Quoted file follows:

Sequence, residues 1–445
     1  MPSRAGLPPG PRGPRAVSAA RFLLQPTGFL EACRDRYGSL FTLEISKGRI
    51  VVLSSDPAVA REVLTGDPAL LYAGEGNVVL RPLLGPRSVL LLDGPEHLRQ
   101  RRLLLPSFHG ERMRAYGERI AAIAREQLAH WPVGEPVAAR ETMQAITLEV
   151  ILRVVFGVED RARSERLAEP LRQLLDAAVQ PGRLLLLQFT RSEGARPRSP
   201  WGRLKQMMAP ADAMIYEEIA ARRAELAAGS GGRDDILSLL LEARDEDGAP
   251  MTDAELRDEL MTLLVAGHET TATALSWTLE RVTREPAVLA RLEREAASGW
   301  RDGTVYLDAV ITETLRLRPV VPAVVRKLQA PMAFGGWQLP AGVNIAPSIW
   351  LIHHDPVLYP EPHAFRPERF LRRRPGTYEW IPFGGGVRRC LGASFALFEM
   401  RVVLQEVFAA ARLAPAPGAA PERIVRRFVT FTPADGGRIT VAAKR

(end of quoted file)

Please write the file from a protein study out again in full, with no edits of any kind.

Sequence, residues 1–445
     1  MPSRAGLPPG PRGPRAVSAA RFLLQPTGFL EACRDRYGSL FTLEISKGRI
    51  VVLSSDPAVA REVLTGDPAL LYAGEGNVVL RPLLGPRSVL LLDGPEHLRQ
   101  RRLLLPSFHG ERMRAYGERI AAIAREQLAH WPVGEPVAAR ETMQAITLEV
   151  ILRVVFGVED RARSERLAEP LRQLLDAAVQ PGRLLLLQFT RSEGARPRSP
   201  WGRLKQMMAP ADAMIYEEIA ARRAELAAGS GGRDDILSLL LEARDEDGAP
   251  MTDAELRDEL MTLLVAGHET TATALSWTLE RVTREPAVLA RLEREAASGW
   301  RDGTVYLDAV ITETLRLRPV VPAVVRKLQA PMAFGGWQLP AGVNIAPSIW
   351  LIHHDPVLYP EPHAFRPERF LRRRPGTYEW IPFGGGVRRC LGASFALFEM
   401  RVVLQEVFAA ARLAPAPGAA PERIVRRFVT FTPADGGRIT VAAKR